They are easy to care for as pets and provide a wonderful pop of color.
In the wild they are well camouflaged to their tree surroundings.
Learn More About Red-Eyed Tree Frogs on our Blog
Carpenter Frogs originate in the Southeastern United States.
They are an aquatic species that lives, eats, breeds, and overwinters in their home pools.
They overwinter in the mud on the bottom of their pools.
During the spring, they meet each other in their home swamps, bogs, or lakes to breed.
Males are territorial and will fight to defend their territory or females.
They have characteristic four bright lines that run down their backs and darkly mottled rear legs.
Tadpoles can stay in their larval stage for up to a year.
Males make a distinctive hammering-like call.
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The interesting Wood Frog has an extremely large range.
They can be found around the Arctic Circle, Alaska, and through northern North America.
Due to their range they are a freeze tolerant species.
Freeze tolerance refers to their ability to hibernate in extreme cold temperatures and survive until spring.
They frequent wooded areas and pools in those areas.
Wood Frogs can recognize family members as tadpoles and tend to congregate together.
They have a variety of colors, from red to green, brown, and gray.
Learn More About Carpenter Frogs on our Blog
I have worked with many a PacMan Frog from my time in an exotic pet store and visiting reptile shows.
They are extremely popular and hardy pets! Husbandry is fairly simple and easy.
PacMan Frogs large frogs originate in South America.
They have many different color morphs and are typically patterned and display several colors at once.
They are named after the video game character, Mr. PacMan.
PacMan Frogs mouths open just as wide to allow a variety of prey in.
They have hard bites, I certainly would not want to feel a bite from one of these guys!
Learn More About Carpenter Frogs on our Blog
List of Common North American Frogs
Listed below are common frog and toad species found in North America.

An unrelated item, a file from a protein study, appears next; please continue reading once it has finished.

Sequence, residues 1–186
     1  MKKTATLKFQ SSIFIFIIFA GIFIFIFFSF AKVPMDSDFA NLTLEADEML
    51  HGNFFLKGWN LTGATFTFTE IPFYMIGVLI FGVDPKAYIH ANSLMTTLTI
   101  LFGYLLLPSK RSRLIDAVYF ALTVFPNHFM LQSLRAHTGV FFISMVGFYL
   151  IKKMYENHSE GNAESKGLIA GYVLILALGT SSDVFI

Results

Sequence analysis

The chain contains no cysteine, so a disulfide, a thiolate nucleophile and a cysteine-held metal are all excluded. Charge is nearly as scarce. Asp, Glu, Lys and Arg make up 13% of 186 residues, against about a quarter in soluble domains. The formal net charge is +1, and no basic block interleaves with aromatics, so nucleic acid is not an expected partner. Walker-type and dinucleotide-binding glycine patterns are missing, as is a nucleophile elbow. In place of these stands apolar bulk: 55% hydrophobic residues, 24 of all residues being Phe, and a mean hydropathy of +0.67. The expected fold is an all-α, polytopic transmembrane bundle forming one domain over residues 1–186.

The majority of these species do not possess a toxin that is secreted on their skin.
|American Bullfrog||No||Northeast to Central Florida|
|Green Tree Frog||No||Southeastern United States|
|Pacific Tree Frog||No||Pacific Coast from California to Canada|
|Spring Peeper||No||Southeast Canada to southeastern United States|
|Gopher Frog||No||Southeast United States|
|Fowler’s Toad||Slightly||Eastern United States, Southeastern Canada|
|Spadefoot Toad||Yes||Eastern to Southeastern United States|
|Chorus Frog||No||Eastern United States|
|Western Toad||Yes||Pacific Coast to Midwest|
None of the poisonous species listed above have toxins that affect humans.
There are, of course, countless more frog and toad species in North America and around the world.
A large diversity of species will be found in the southeastern United States as the environments in that region favor amphibian species.
Some poisonous species in North America were introduced and are not native to the regions they are currently found.
List of Common Frogs From Around the World
Some frog species do possess poisonous qualities and secretions.
However, most frogs that are poisonous are less toxic than toad species.
Tropical locations possess higher biodiversities of reptile and amphibian species.
Below we list most commonly heard of frog species from around the world.
|White’s Tree Frog||No||Australia, Papua New Guinea|
|Red Eyed Tree Frog||No||Central America|
|Pacman Frog||No||South America|
|White Lipped Frog||No||Papua New Guinea|
|Poison Dart Frog||Yes||Central to South America|
The Pickerel frog is an example of the few frog species native to the United States that possesses poison.
The potency of the poison can be dependent on body size and species.
Some predators may not be affected by the poison and consume the frog with no harm.
This article was written by Melissa M. who holds a Bachelors of Science in Fisheries and Wildlife Sciences, and a Master Herpetologist certificate. The article was edited and published by Daniella, Master Herpetologist in the author profile below.
Conlon, J. M., Kolodziejek, J., & Nowotny, N. (2008, October 17). Antimicrobial peptides from the skins of North American Frogs. Biochimica et Biophysica Acta (BBA) – Biomembranes. Retrieved from https://www.sciencedirect.com/science/article/pii/S0005273608003118
Dickerson, M. C. (1969). The Frog Book. Dover Publications.